Surge in new missions may strain UN’s capacities, peacekeeping chief says

USG Guéhenno

19 April 2004 – As yearly casualties in armed conflicts in the new century drop to about one-tenth the annual deaths in the 1990s, the international community must prevent new flare-ups by investing time and funds in preparing post-conflict countries for democratic governance and economic development, the top United Nations peacekeeping official says.

With fewer wars beginning and many more ending, the demands of those that are winding down are stretching the UN’s peacekeeping capacities, Under-Secretary-General Jean-Marie Guéhenno of the Department of Peacekeeping Operations (DPKO) said in a commentary in the International Herald Tribune newspaper today.

The United Nations must continue to avoid taking part in hot wars, he said. It must follow the recent trend of partnering with such regional organizations as the European Union, NATO and the Economic Community of West African States (ECOWAS), use the right tools for the job and persevere until peace takes root in the country.

“Building peace from the ashes of war takes time and the international community must be willing to work with local institutions until they are ready to shoulder responsibility for democratic governance, the rule of law and continued economic development. Peacekeeping operations must be linked to a longer term plan for achieving this sort of stability,” he said.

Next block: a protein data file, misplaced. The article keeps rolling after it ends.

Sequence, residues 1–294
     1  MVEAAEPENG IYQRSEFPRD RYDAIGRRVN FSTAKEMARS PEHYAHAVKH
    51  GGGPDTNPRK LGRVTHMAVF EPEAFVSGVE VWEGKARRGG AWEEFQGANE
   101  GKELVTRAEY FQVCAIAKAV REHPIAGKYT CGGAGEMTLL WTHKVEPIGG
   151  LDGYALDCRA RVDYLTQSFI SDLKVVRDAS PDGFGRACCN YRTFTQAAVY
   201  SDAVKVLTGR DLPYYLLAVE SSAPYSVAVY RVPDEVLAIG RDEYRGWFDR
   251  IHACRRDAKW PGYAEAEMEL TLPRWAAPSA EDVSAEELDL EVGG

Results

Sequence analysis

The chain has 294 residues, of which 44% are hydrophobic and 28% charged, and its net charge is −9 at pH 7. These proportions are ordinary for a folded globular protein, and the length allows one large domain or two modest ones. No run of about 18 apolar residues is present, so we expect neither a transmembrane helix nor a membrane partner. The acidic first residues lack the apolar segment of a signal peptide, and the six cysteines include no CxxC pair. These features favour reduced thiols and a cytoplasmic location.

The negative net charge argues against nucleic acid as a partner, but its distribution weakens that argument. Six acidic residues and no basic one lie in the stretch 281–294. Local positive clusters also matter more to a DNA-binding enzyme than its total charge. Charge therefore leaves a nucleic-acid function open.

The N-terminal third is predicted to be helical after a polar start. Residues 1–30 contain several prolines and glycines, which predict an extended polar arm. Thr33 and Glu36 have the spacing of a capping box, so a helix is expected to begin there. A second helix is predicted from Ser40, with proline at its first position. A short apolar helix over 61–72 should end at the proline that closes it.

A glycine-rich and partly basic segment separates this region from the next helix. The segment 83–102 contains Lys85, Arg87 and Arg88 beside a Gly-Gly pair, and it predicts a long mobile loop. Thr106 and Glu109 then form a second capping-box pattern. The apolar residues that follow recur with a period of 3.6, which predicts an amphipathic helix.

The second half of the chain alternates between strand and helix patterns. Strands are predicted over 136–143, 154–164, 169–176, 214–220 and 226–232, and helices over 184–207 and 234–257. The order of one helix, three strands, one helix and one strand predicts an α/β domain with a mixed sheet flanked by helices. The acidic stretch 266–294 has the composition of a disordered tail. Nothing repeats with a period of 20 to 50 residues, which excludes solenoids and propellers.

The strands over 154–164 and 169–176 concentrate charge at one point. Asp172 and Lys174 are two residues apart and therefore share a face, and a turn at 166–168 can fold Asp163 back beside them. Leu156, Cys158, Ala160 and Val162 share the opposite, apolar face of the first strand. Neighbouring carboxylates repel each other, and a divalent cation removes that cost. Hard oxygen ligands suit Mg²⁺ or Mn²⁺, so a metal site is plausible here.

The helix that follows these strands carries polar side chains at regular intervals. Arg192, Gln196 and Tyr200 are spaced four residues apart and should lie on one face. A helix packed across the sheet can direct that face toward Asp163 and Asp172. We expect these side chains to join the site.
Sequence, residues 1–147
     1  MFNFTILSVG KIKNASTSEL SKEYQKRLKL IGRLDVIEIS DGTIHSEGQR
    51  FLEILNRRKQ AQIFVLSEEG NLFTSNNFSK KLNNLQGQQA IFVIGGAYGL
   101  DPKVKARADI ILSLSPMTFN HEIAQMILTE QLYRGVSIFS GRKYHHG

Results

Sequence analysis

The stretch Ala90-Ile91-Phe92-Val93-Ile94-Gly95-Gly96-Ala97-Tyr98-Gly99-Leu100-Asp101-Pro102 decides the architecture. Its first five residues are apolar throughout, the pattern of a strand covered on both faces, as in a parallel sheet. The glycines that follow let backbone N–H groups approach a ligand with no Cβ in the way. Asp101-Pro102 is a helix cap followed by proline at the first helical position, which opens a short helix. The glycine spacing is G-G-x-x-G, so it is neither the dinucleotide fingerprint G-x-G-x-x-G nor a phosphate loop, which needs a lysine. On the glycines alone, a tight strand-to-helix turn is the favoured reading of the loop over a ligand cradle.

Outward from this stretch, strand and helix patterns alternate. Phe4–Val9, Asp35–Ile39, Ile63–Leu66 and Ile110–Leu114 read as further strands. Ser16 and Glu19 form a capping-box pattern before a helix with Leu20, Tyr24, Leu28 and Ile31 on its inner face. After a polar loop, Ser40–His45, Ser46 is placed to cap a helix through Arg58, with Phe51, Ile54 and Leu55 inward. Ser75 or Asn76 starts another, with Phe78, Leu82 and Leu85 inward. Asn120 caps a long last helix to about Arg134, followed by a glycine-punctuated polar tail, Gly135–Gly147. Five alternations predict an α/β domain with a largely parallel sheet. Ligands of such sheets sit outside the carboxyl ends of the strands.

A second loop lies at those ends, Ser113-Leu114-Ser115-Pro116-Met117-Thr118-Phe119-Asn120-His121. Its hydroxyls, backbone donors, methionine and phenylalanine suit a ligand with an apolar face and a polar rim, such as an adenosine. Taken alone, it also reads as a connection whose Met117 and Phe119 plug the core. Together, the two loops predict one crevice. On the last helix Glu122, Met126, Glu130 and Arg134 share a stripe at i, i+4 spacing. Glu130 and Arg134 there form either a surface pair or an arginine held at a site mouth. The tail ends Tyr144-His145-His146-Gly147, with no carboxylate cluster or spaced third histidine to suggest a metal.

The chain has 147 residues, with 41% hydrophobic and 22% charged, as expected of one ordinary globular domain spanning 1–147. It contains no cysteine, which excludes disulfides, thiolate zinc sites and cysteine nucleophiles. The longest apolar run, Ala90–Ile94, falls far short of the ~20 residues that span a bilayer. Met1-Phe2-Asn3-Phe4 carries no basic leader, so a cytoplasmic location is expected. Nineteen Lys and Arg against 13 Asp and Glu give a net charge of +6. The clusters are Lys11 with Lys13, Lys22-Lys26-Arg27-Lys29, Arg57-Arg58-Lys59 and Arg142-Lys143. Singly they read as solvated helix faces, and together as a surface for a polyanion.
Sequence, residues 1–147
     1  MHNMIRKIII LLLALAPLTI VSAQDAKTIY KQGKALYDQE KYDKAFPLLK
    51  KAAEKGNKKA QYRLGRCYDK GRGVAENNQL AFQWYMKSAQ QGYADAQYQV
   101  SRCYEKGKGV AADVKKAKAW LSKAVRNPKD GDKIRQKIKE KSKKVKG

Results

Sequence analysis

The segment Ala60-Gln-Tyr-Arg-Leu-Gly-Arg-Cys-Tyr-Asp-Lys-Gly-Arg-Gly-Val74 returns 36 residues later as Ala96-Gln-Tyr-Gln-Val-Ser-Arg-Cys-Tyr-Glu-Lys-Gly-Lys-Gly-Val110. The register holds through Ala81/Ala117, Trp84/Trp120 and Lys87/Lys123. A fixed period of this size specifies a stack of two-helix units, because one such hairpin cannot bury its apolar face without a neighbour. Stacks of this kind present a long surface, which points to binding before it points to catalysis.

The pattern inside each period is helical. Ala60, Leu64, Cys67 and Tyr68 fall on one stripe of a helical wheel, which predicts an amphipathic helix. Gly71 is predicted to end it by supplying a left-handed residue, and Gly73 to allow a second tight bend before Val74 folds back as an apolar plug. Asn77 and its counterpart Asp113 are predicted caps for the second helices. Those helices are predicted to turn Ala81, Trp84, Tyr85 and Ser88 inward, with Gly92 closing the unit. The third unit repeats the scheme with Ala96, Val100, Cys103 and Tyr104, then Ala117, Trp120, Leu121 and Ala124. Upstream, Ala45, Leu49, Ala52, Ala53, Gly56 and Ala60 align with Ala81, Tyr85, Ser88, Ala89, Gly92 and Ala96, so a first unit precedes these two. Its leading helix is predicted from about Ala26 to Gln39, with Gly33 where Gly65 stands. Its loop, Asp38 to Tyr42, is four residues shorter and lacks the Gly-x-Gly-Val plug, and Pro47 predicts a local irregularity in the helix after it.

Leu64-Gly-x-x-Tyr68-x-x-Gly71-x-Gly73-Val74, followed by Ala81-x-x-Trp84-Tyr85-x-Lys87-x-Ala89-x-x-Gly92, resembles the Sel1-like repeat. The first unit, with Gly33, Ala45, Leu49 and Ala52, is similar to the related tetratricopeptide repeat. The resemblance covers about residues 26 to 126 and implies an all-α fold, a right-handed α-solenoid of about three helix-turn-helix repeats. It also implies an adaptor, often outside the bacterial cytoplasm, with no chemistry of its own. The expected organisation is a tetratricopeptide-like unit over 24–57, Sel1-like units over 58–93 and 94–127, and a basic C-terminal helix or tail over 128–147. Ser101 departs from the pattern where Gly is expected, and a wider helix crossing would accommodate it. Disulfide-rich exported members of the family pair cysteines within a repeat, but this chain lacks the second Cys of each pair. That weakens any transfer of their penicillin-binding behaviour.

Support for successful peacekeeping must come from both developed and developing countries, which must provide the men and women in uniform, the specialized military support services from those countries that have them, the financial resources, the strategic force reserves and the sustained commitment, Mr. Guéhenno said.

To ensure that current conflicts end completely, the UN Security Council has deployed new peacekeeping missions in Liberia and Côte d’Ivoire, bringing to 15 the number of UN-led missions, with 50,000 soldiers and police on three continents, while in Haiti, a multinational force will soon be replaced by UN troops. The numbers of soldiers and police could rise to 70,000 or more by the end of 2004, he said.

“There is a paradox, though, in this growing peace: The military resources needed to help keep the peace are being strained by so much peace to keep,” he said.

The UN peacekeeping bill could rise to $4 billion a year, but that would be less than 1 per cent of what the United States alone spends each year on defence, he said. Perhaps a more difficult problem would be that for every staff member in the UN peacekeeping headquarters, more than 100 would be stationed in the field, creating major challenges in planning, force generation, logistics, procurement and command and control.

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